Water, Education, Research (WatER) is an interdisciplinary research project learning about how to sustainably increase access to safe drinking water in rural communities in East Africa, and specifically in the community of Longido, Tanzania.  As per the name, the work rests on 3 key pillars:

  1. Water: Water refers to the fact that the research project centers around a technology called a Ceramic Water Filter (CWF). A CWF is a low-cost water treatment system that is used in the homes of individual families, removing harmful contaminants like bacteria causing cholera, typhoid and E. coli poisioning. Part of this fund goes towards the purchase of filters from our local partner to study how they can be best integrated into the local culture and praxis.
  2. Education: This research also understands that the best technology in the world isn’t helpful unless people are willing to use it. And in work of this nature in the past, this fact has proven to be a major challenge. 3 years of consultation with local stakeholders have shown us how important education is to facilitate behaviour change in the rural Tanzanian context, which is why the second pillar of this work is focused on just that. We are providing women and schoolchildren with education on proper water, sanitation and hygiene practices.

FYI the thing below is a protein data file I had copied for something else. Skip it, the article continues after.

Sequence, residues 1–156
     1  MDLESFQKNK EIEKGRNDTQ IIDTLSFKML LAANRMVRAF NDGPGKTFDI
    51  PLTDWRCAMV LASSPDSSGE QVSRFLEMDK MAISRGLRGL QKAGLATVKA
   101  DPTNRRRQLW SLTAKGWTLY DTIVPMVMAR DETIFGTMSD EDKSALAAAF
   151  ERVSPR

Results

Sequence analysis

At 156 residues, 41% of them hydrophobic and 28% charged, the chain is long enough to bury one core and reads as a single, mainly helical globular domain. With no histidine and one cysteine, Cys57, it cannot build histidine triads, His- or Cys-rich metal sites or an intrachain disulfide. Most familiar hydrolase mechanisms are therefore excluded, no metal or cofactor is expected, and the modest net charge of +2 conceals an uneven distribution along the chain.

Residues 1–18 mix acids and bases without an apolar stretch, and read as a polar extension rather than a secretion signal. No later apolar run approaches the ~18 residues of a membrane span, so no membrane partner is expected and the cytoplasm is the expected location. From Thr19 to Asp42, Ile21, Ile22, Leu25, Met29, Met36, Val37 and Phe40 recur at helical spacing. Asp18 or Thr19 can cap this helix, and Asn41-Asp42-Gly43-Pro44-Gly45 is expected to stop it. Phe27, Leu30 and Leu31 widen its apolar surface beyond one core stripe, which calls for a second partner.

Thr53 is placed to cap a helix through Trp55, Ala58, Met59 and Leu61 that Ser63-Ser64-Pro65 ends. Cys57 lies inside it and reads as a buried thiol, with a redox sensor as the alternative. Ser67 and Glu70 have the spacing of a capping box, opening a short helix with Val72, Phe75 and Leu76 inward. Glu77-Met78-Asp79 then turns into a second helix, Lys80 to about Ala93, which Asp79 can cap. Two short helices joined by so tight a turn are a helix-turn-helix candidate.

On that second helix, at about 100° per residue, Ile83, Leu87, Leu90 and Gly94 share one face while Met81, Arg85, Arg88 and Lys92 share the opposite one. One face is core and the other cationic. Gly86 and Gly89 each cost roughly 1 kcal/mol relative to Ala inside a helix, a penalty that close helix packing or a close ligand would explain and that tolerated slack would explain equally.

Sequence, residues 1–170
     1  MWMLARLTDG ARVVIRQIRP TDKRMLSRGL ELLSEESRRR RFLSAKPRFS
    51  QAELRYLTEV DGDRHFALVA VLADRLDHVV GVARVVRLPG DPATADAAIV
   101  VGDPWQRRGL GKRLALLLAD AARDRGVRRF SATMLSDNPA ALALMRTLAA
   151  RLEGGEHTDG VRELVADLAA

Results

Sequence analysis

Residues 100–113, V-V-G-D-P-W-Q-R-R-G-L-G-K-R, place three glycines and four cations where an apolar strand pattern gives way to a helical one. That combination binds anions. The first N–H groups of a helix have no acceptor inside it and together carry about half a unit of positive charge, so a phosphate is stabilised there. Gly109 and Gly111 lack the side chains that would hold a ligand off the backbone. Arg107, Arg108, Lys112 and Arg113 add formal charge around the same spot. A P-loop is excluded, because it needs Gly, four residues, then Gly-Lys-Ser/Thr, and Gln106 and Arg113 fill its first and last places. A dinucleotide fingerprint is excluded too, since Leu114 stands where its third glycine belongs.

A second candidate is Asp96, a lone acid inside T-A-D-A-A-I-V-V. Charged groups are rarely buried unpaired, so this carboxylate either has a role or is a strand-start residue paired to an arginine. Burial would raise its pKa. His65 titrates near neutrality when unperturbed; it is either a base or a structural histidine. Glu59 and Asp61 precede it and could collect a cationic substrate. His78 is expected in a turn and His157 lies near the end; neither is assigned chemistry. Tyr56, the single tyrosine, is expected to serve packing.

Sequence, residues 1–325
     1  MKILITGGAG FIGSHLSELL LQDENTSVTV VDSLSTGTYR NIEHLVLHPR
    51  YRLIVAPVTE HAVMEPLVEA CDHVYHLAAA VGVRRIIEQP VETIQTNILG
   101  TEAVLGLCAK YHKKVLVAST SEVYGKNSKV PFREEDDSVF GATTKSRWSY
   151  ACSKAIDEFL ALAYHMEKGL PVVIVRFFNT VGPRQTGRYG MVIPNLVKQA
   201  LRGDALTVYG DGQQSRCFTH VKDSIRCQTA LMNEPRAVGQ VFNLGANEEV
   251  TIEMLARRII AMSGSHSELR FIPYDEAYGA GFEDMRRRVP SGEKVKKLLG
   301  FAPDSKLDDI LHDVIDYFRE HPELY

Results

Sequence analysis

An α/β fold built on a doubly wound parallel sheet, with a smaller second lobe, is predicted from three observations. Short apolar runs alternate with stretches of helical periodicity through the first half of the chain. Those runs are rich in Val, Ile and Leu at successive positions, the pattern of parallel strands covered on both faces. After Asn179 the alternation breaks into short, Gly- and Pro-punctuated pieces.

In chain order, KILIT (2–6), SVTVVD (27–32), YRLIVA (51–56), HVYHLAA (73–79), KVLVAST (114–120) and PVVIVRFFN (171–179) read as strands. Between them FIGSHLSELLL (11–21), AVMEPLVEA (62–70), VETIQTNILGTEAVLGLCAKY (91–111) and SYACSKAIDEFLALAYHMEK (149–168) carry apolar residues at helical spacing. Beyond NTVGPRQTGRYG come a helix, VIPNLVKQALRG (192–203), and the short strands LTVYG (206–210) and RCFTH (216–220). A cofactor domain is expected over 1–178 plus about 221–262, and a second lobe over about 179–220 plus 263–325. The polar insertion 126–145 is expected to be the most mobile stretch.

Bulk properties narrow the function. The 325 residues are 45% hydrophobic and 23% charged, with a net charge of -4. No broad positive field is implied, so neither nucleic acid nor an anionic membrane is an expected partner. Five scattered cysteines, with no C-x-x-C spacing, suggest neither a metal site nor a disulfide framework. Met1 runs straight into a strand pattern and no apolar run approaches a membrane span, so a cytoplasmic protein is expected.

3. Research: The final pillar of this work is research, which takes form in both natural and social science contexts. Currently, the filters cost $50 CAD, which is well beyond the means of many people in rural Tanzania that often earn less than $1 per day, so a major element of this project is studying material manipulations to make the filters more affordable. In addition, we are not only focused on studying the technology, but are also investigating pedagogical methodology to learn how to ensure that the people using the technology will continue to use it in the long-term.

All of the money donated to this fund goes directly to supporting programs implemented in Longido, Tanzania, and experimental studies conducted in laboratories at Carleton University.